From Inside of Your Network
Here’s a map of a simple home network.
As you can see, you’ve got three computers with unique IP addresses all connected to a router. You can easily access the other computers, but when they all access the internet, they go through the router. The router has an IP address that’s relative for you network, but it also has an external IP, one that it uses when interacting with things outside of your network. Whenever these computers make a request towards the internet, they all use the same IP – 127.34.73.214 in our example. Simple requests, such as loading web sites, are automatically handled by the router and are sent to their appropriate places. It’s not too difficult because each computer starts with a unique request, so it’s not hard for the router to figure out where things should go.
Ports and Protocols
Ports help make this process easier. If an IP is like a building’s address, then ports are like the apartment numbers for the residences in the building. Lower numbered ports have specific applications which are standards throughout the computing industry. When you fetch a web page, for example, it uses port 80. The receiving computer’s software knows that port 80 is used for serving http documents, so it listens there and responds accordingly. If you send an http request over a different port – say, 143 – the web server won’t recognize it because it’s not listening there, although something else might be.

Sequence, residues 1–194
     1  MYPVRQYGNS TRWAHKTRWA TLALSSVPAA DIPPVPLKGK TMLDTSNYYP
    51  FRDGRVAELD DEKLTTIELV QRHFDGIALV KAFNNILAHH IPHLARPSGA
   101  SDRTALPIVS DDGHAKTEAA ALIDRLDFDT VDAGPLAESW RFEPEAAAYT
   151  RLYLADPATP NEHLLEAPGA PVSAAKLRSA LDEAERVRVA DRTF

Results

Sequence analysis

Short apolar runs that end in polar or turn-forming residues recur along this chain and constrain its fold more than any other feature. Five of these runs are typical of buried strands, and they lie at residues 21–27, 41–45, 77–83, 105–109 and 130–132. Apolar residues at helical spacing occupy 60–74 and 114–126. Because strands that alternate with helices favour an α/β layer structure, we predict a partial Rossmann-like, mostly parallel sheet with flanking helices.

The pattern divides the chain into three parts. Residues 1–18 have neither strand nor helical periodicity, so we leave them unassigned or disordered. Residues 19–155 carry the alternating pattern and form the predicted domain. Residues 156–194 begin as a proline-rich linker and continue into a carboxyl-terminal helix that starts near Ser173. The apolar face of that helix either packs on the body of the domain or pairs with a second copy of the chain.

Secure shell uses port 22, and VNC is usually done over port 5900. These ports can be changed for different uses, like when you have multiple instances of programs running for different purposes. To avoid interfering with other standard-abiding applications, it’s best to use larger numbers for these alternate configurations. Plex Media Server uses port 32400, for example, and Minecraft servers use 25565 – both numbers that fall into this “fair game” territory.
Each port can be used via either TCP or UDP. TCP, or Transmission Control Protocol, is what’s used most commonly. UDP, or User Datagram Protocol, is less widely used in home applications with one major exception: BitTorrent. Depending on what is listening, it’ll be expecting requests to be made in either one or the other of these protocols.
From Outside Your Network
Now let’s take a look at what happens when a device outside of the network starts a request.
Let’s say you’re out and about and what to access a file on your network. Your computer makes a request to your home network’s IP, 127.34.73.214, which then goes to your router. Your router doesn’t know which computer to send it to.
Thankfully for us, we can configure our router to forward ports. This means that depending on the port number that the request is sent over, the router can pass it along to different IP addresses.
So in this example, when you’re out and about and using your laptop, you use different ports to make your requests. When you access your home network’s IP address using port 22, your router at home knows that this should go to 192.168.1.100 inside the network. Then, the SSH daemon on your Linux installation will respond. At the same time, you can make a request over port 80, which your router will send to the web server at 192.168.1.150. Or, you can try to remotely control your sister’s laptop with VNC, and your router will connect you to it at 192.168.1.200. Pretty clever, right?
You can even tell the router to change ports! For example, let’s say you have two web servers.